Pachner said reading those letters was the most important thing she did to prepare for the role. “There’s a lot in those letters. And you feel their love, their faith, their day-to-day life,” she said.
The letters also play a major part throughout the film as they are heard through narrated voice-overs.
Franz became convinced that it was wrong for him to fight and decided to refuse if he should be called up again, which happened in February 1943.
He offered to carry out other, non-violent military service in place of fighting. However, his request was refused, and he was taken into custody in Linz for two months, then transferred to the Berlin-Tegel prison. He was tried on July 6, 1943 and condemned to death for sedition. He was executed by beheading on Aug. 9, 1943.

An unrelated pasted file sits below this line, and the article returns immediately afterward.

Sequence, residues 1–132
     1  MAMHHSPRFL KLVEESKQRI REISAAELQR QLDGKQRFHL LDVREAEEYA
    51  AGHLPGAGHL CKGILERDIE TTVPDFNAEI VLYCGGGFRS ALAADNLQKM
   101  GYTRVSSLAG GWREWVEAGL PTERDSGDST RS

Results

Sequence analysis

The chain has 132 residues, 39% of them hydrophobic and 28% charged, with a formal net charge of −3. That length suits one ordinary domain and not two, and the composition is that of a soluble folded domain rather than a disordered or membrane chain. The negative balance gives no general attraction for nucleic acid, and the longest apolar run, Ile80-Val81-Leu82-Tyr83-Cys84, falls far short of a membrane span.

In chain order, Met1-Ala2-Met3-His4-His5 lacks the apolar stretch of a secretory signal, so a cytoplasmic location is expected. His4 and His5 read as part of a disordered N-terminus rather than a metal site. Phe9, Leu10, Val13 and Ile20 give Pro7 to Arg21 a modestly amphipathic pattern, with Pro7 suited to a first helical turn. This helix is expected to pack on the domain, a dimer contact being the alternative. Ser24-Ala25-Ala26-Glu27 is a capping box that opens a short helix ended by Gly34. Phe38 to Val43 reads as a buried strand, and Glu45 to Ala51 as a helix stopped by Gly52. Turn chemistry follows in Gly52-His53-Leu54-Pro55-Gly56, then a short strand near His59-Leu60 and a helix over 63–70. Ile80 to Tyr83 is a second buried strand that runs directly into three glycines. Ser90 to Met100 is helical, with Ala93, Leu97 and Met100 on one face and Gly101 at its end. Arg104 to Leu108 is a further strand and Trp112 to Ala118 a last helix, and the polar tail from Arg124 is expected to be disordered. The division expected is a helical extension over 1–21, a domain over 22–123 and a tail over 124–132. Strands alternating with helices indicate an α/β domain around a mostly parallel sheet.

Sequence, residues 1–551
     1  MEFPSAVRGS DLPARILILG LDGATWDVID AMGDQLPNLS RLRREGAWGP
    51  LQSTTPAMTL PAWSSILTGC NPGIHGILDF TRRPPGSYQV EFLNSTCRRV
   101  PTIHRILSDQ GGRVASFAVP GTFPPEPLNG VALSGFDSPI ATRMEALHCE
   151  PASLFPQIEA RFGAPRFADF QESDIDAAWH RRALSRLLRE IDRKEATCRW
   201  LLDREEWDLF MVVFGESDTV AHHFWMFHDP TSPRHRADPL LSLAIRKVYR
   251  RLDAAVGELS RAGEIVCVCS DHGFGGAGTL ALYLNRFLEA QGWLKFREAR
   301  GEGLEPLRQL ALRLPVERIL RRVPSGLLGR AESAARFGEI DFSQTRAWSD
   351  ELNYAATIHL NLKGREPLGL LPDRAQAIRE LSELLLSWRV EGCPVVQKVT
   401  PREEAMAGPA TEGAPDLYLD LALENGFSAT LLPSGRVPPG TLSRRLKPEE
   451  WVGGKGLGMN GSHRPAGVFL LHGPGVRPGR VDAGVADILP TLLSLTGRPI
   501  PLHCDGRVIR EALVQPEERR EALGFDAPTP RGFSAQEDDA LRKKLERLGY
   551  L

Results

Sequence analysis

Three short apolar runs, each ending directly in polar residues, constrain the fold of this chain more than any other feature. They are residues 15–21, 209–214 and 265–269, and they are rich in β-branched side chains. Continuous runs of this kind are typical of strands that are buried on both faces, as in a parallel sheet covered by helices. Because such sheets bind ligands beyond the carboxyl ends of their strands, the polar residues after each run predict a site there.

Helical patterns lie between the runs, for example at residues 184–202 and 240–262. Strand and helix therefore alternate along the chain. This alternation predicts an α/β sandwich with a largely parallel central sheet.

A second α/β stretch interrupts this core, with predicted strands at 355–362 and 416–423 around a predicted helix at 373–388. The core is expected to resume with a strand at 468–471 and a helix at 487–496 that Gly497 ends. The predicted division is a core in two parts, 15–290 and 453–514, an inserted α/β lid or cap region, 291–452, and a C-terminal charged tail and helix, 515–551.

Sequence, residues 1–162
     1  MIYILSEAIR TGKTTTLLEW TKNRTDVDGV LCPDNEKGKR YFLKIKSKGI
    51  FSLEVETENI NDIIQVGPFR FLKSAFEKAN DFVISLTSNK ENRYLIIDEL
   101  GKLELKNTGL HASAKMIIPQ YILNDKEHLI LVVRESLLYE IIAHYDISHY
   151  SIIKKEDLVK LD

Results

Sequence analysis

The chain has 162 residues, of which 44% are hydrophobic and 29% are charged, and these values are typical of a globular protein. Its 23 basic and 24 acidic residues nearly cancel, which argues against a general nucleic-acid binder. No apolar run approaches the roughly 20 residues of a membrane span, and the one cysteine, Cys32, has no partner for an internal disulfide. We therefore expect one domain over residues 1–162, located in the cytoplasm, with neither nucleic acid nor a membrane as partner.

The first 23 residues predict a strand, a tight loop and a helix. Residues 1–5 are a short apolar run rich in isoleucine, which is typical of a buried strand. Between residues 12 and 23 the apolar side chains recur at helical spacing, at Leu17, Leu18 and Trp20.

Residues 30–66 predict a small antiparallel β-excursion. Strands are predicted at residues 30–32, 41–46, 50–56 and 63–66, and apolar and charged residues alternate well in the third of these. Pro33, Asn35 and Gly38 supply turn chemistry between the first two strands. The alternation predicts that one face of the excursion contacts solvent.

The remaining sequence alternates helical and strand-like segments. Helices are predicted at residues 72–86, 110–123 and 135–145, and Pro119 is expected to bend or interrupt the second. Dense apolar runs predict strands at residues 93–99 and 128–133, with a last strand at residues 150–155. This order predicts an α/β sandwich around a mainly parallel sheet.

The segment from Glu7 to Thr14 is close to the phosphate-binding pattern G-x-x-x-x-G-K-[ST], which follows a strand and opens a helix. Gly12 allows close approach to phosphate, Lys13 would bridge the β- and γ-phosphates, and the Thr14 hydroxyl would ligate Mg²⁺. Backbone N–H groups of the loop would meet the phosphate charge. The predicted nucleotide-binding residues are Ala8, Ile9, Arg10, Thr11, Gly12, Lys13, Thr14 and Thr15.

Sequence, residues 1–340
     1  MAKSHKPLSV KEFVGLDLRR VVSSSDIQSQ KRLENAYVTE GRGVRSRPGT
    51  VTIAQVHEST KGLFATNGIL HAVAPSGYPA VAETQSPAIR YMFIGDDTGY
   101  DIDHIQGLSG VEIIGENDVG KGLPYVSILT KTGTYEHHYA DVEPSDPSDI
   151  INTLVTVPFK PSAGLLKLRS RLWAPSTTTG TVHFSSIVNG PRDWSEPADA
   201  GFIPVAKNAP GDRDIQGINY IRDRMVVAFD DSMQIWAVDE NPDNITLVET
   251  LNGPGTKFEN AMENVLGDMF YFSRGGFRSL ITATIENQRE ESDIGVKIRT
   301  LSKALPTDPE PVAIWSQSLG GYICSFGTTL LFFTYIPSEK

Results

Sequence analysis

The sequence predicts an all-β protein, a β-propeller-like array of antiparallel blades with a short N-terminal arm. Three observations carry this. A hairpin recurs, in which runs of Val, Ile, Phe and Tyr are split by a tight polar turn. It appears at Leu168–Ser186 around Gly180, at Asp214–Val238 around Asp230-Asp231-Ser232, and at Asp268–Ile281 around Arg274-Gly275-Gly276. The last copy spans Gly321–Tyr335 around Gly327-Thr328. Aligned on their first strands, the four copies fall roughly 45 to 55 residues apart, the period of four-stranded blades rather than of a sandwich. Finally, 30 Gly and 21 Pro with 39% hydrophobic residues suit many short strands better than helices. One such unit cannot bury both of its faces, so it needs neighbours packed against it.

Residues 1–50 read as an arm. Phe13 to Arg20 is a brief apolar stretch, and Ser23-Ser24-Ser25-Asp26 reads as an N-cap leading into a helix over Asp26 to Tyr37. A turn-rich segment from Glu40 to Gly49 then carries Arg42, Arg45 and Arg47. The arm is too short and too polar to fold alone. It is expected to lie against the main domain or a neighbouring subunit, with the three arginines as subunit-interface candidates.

A Hidden Life flashes between Franz in prison and his wife and family at home in St. Radegund, as she and her sister take on the full burden of caring for the family farm.
Pachner said she prepared physically for the role, learning how to scythe wheat, churn butter, milk a cow, and other aspects of farm work.
Another part of her preparation for playing Franziska was to watch the documentary The Widow of the Hero. “It’s very small and it’s very hard to find. I had to go to a bookstore in some kind of monastery or something to get it,” she said.
The documentary has an interview with Franziska when she was 96 years old.
Pachner said she “sort of expected [Franziska] to be broken, in a way, I don’t know. And then I saw it and she’s not. She’s this old fragile lady and she’s beaming.”